No endgame for Jats PDF Print E-mail
Friday, 24 March 2017 06:41
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Sarthak edit

Court won't ok reservations, govt fanning flames

The Haryana government might have successfully convinced the Jat leadership to call off its agitation for now, but neither the state nor the central government seems to have any plan other than fanning the flames by continuing to promise reservations. There is no case for Jat reservations as the community cannot be considered backward, and an even smaller chance of getting this past the courts; and, to the extent the reservations happen, this will trigger more violence as groups that get left/squeezed out will feel the need to agitate—by not coming up with a plan to end reservations, both the state and central governments are causing a ratcheting up of the demand for reservations. In 2013, when the UPA was pushing this, it asked the National Commission on Backward Castes (NCBC) for a recommendation. Despite NCBC saying, in February 2014, Jats “as a class cannot be treated as a backward class”, the UPA went ahead and notified this the following month—a year later, the Supreme Court (SC )struck this down saying that while only the most distressed should get reservations, “any other inclusions would be a serious abdication of the constitutional duty of the State”. It also spoke of the need to move “away from caste-centric definition of backwardness”.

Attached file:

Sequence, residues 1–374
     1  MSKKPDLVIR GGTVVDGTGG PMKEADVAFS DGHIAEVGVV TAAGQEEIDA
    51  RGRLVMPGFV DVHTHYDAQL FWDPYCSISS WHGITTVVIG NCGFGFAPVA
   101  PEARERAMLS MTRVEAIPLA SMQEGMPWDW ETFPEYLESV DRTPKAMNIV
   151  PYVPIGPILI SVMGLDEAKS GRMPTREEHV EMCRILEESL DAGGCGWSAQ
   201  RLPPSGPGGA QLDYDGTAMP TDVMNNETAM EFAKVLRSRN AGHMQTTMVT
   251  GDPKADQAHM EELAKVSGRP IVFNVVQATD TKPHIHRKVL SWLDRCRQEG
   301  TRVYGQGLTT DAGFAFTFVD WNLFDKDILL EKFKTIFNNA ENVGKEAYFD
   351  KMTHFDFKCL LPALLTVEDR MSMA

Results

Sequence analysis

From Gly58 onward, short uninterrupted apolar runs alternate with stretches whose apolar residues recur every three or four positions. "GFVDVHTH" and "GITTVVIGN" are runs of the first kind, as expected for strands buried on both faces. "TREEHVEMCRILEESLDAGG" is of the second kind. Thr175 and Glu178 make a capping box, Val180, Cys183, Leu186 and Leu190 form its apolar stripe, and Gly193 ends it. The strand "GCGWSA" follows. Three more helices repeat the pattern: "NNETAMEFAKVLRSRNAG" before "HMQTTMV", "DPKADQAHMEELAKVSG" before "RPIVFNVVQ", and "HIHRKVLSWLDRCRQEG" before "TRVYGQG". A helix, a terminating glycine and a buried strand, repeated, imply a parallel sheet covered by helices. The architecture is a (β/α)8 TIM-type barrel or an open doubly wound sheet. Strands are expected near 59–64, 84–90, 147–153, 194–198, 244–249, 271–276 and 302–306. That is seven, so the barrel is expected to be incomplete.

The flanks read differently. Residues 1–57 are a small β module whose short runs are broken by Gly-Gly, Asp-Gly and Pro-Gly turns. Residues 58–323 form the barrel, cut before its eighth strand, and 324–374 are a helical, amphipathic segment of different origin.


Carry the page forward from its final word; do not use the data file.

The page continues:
This didn’t deter the Haryana government which, last year, passed a Bill declaring Jats, along with Bishnois, Rors and Tyagis, as Backward Classes (Category C) and giving them 10% reservation in government jobs and educational institutions—this takes reservation levels in the state to 67%, well above the 50% cap set in the Indra Sawhney case in 1992. Not surprisingly, the state has sought protection for its Bill under the Ninth Schedule, oblivious of the fact that, in 2007, in IR Coelho, SC had ruled that Ninth Schedule protection was not sacrosanct if a law violated the Constitutional provisions on fundamental rights. 

Even as it capitulates to threat politics, the Haryana government—as also the Union one—needs to keep in mind the case stands little chance of getting past the courts. The current Haryana law has been challenged before the Punjab and Haryana High Court and, after the petitioner contended 31-56% of teaching posts in state government schools were filled by Jats, the court has asked the state for data on socio-economic status of different caste groups within the state. Given this problem applies to other groups like the Patidars in Gujarat where a similar negotiation is going on, the Centre and the states need to find ways to wind down reservations, or else the flames will keep rising. One such solution can be seen in an IIM Ahmedabad study which finds OBC admissions in college are more a function of the availability of schools than reservations; it also finds that, where parents are educated—particularly if they have gone to college—the chances of children going to college are higher. In which case, a process of reservation—along the same caste lines as today—only for children whose parents did not go to school/college will boost SC/ST/OBC numbers in college and will also be more acceptable since it will be self-limiting instead of, as today, continuing to compete, to use Justice Dipak Misra’s terminology, “with eternity”.


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